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On this date in Merced history

February 10, 1959

NEW ORDINANCES GIVEN APPROVAL:

Atwater City Council Monday night passed two new ordinances, one dealing with subdivisions of less than five lots and the other with control of weeds, refuse and mistletoe.

The subdivision ordinance more clearly defines the procedure small subdividers must follow. If no public improvements, such as streets, curbs, and gutters need be installed, only a sketch map and a record of survey need be filed with Atwater Planning Commission.

Other subdividers must follow a more lengthy procedure similar to that followed by larger subdividers.

The ordinance makes it illegal for a property owner to sell any portion of his land without first complying with the ordinance.

The second ordinance will allow the city to clean weeds, refuse and mistletoe from private property, after proper notice, if the property owner, does not do so himself. The cost of the work would be charged to the property owner.

The city presently cleans weeds from lots under another ordinance, whenever a fire or health hazard is established.

February 10, 1979

NO RELIEF IN SIGHT FOR MC BASEBALL FOES:

It seems reasonable to expect the Merced College baseball team to suffer through a mediocre campaign once in awhile. That time may come but it’s not going to be this year.

Since Butch Hughes took over as head coach in 1972, the Blue Devils have won five Division II (small schools) state championships, including the last three, and six consecutive Central Conference crowns. With the number of quality players in camp this season, MC should be challenging for yet another state title when May rolls around.

Five Blue Devils were selected in the recent major league winter free agent draft and some observers believe the current club may eventually rank with the 1974 juggernaut, one of the finest athletic teams ever produced at MC. “I have to believe this can be one of our better teams at Merced College if everyone plays up to his capabilities,” says Hughes, whose squad launched the season today in the annual Fresno City College Invitational tournament. “I think our biggest problem is that we’ve moved a lot of people to different positions and they're still adjusting.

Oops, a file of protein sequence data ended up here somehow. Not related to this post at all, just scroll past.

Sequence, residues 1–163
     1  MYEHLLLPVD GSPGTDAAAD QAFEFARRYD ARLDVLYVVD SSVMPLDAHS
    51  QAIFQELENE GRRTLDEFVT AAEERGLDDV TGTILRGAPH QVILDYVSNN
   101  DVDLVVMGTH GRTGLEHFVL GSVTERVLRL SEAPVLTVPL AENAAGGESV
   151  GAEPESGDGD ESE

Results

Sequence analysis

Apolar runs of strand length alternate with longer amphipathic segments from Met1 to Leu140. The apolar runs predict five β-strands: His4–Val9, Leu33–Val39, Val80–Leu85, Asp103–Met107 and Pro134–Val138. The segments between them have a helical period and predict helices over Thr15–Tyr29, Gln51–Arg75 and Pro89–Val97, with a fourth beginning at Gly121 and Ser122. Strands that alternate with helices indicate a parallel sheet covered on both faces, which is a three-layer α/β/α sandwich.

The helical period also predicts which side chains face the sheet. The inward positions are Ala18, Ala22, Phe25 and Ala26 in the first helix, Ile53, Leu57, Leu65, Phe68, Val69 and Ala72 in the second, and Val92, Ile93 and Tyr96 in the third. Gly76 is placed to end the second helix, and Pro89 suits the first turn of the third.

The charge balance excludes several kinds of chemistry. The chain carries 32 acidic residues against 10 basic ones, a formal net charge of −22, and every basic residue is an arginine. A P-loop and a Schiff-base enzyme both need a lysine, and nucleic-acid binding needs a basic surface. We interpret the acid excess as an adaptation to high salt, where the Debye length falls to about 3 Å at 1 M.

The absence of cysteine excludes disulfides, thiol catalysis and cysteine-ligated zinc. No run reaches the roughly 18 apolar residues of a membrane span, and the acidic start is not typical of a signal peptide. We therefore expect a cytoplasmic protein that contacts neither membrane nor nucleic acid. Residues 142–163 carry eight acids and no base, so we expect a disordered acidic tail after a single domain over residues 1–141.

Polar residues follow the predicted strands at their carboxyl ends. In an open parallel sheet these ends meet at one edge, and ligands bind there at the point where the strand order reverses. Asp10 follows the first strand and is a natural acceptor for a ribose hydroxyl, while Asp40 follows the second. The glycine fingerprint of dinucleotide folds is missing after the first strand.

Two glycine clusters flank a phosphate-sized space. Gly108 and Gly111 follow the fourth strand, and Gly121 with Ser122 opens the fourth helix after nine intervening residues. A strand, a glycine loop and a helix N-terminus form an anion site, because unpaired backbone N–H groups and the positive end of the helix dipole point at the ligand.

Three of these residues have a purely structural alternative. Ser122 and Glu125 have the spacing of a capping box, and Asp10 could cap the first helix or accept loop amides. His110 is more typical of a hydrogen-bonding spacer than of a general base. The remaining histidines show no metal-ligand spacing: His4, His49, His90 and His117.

“Another problem we’re having is that the freshman aren’t used to practicing and playing on a day-to-day basis with as much intensity as I want. But there is a lot of pressure on them and that’s probably more my fault than anything else.

“On the plus side, this is by far the best team speed we’ve had so we’re going to be running a lot. In addition, our pitching depth is as solid as we’ve ever had at the college. And I think we’re going to have one of our better hitting clubs so we’re going to score some runs.”

February 10, 1984

CRIME DROP, DRUG CRACKDOWN LINKED:

If your home wasn’t burglarized in 1983, thank a narc.

Criminal activity in Merced declined “significantly” in 1983, partly because of a crackdown on drug offenders, Police Chief Patrick Lunney said Thursday.

Compared to the year before, most of the major crimes showed a decline, Lunney said.

The 1983 index of major crimes, including aggravated assault, arson, burglary, auto theft, grand theft, robbery, rape and murder, showed a 12.2 percent decrease, from 2,287 in 1982 to 2,077, he said.

He attributed at lease some of the decrease in crime figures to the department’s increased effort in working on drug cases.

A special squad of “narcs” called the Heroin Impact Team was organized within the detective division last year to concentrate on catching narcotics violators.

“We’ve increased our emphasis on narcotics and we’ve seen a large number of arrests,” Lunney said. “As a result, we see a decline in the types of crimes committed by addicts.”

Those crimes include burglaries, property crimes and even some violent crimes, he said.

The HIT team targets drug suppliers, with the idea of removing them from the scene so drug users will go elsewhere, Lunney said.

“I can’t prove it (caused the crime index to decrease), he said, “but that may explain part of it.”

The area that experienced the greatest decline was rape, with 10 occurrences in 1983 compared to 18 in 1982. That represents a 44.4 percent decline, he said.

Grand thefts went from 321 in 1982 to 120 in 1983, a 62.6 percent drop. That decline was partly because the limit for grand theft classifications was raised from $200 to $400, Lunney said.

Burglaries went down from 907 in 1982 to 840 in 1983, a 7.9 percent drop.

Aggravated assaults, or assaults likely to result in great bodily harm, fell from 124 in 1982 to 97 in 1983, a 21.8 percent decline.

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